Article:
Responding to Literature: Forming Your Point of View

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  • 0:01 Point of View
  • 0:58 Pre-Reading
  • 2:46 During Reading
  • 5:45 Lesson Summary
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Lesson Transcript
Instructor: Angela Janovsky

Angela has taught middle and high school English, Business English and Speech for nine years. She has a bachelor's degree in psychology and has earned her teaching license.

In order to form a supported point of view on a piece of literature, you must be able to analyze and synthesize. Watch this video lesson to learn a few ways to hone those skills.

Point of View

Point of View can refer to much more than just the perspective from which a story is told. When responding to literature, forming your point of view means using the text to develop a personal opinion on the topic. A huge part of studying literature is forming your point of view, or responding personally to the piece.

In order to be able to form a sound point of view in response to literature, you must be able to analyze the text, which means to break down and examine the individual parts. In addition, you must also be able to synthesize, which means to put all the information together and draw conclusions. In order to form a supported opinion, or point of view, on any topic in literature, you must analyze and synthesize the details and content of the text. The rest of this lesson will describe various activities to help analyze and synthesize literature with a focus on forming your point of view.


Before even beginning to read any type of literature, use pre-reading methods to help you begin to analyze. First of all, scan the text by looking at titles, subtitles, pictures, and illustrations. These things help you to become ready for the topic and allow you to begin forming your opinion.

For example, looking at the cover of the novel A Tale of Two Cities, you will most likely see a picture depicting a fierce battle in dirt streets. Analyzing that picture will tap into your previous experience or opinions of war. Since the story revolves around the French Revolution, your previous views on war will have an effect on the story.

Another pre-reading method can be to create a KWL chart. This chart consists of three columns, the first is 'K' for what you 'know,' the second is 'W' for what you 'want to know,' and the last is 'L' for what you have 'learned.' Fill in the K and W columns before reading the novel. Keep in mind, you will be asked to form your own opinion after the reading, so it is best to include your opinions in these columns.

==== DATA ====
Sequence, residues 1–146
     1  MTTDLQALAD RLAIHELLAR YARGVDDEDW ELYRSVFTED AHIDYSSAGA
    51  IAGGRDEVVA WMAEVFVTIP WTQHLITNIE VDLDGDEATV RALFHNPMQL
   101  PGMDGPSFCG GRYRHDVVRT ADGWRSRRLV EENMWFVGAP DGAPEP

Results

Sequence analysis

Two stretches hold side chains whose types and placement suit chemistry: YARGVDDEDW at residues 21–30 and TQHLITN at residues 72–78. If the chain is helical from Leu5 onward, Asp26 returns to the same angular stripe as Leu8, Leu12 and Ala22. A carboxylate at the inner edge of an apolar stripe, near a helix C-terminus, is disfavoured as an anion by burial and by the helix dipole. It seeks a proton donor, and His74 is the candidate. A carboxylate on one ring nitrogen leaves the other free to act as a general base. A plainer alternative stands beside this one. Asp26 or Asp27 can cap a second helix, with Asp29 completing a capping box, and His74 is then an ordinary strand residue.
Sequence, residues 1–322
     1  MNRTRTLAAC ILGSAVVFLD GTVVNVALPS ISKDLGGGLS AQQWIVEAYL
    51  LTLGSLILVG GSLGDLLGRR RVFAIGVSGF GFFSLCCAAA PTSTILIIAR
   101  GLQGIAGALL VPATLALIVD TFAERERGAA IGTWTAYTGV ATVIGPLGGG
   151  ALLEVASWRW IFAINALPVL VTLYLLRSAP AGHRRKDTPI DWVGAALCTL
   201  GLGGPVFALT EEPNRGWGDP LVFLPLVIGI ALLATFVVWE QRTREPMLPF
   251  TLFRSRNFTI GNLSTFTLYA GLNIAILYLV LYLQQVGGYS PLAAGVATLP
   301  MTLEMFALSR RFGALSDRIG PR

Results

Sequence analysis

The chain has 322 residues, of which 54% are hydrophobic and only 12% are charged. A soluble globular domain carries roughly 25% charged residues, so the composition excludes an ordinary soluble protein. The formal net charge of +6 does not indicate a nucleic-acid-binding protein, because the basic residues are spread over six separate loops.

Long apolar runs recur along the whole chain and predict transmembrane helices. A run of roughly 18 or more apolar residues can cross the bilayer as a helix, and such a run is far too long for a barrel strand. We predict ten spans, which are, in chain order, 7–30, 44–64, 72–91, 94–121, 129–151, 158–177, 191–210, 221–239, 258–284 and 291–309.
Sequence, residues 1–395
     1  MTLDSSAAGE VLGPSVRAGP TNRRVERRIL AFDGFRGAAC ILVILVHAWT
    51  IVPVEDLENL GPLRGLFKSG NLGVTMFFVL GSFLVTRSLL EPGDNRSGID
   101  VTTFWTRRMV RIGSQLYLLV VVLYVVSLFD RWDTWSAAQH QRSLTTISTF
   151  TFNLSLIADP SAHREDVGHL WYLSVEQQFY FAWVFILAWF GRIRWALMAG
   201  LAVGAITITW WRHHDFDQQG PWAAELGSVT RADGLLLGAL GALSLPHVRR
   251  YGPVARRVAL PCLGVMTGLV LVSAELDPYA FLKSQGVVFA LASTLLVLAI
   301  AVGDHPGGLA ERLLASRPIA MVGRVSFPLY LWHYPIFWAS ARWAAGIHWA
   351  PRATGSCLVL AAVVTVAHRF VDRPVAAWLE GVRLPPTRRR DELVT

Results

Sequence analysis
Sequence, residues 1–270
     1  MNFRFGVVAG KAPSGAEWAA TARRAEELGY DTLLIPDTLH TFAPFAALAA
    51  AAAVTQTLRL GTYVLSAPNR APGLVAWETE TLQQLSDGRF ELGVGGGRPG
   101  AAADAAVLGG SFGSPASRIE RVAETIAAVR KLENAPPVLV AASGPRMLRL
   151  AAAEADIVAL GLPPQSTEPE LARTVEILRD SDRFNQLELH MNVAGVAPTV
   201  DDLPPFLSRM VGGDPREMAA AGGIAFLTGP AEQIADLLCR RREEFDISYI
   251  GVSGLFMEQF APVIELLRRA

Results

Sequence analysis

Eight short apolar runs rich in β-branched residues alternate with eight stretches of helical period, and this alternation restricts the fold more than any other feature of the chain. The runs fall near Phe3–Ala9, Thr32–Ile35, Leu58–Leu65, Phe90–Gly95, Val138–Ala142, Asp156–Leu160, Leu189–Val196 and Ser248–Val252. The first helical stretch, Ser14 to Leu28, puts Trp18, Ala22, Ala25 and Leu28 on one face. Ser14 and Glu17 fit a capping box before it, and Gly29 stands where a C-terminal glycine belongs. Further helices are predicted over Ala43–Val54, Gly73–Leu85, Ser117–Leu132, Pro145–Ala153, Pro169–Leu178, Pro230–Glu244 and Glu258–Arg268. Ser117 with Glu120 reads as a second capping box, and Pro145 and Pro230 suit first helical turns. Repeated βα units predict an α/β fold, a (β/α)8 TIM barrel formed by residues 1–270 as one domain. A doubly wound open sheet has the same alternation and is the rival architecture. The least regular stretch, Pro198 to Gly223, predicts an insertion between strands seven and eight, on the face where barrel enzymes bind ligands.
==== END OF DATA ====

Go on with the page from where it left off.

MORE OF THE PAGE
For example, in the making of a KWL chart for A Tale of Two Cities, add that you believe the French Revolution was beneficial since it allowed a new government to overrule the oppressive monarchy. You can even add in your opinions on the American Revolution, since it similarly brought on a new government to override the English king. This opinion can be revisited after reading is completed when you fill in the L column to see if your opinion has changed. The information on a KWL chart can be used in many ways to form an opinion.

During Reading

It is also important to think about forming your point of view during the reading. Most analysis of literature occurs as you read. You may be able to only synthesize after the reading is complete, but analysis must be a continuous process. You want to be able to break down the plot and story details to store for later use.

The best way to be sure to analyze while you read is to make frequent pauses and write down your thoughts. Using A Tale of Two Cities as an example, a great strategy can be to keep a running chart as you read. On one side, you can add in reasons why the French Revolution needed to happen, and on the other, add in the negative and positive consequences from it. In the end, you can use these thoughts to form your final point of view on the morality of the revolution. These written thoughts can come in a wide variety of forms: a book journal, bulleted lists, study guide questions; all of these will allow you to continuously revisit not only the events of the novel, but also your thoughts on it.

After Reading

Pre-reading and during-reading activities are important, but you shouldn't form your true point of view until after the reading is finished. Thus, after finished reading A Tale of Two Cities, form your final point of view or perspective on the topic.

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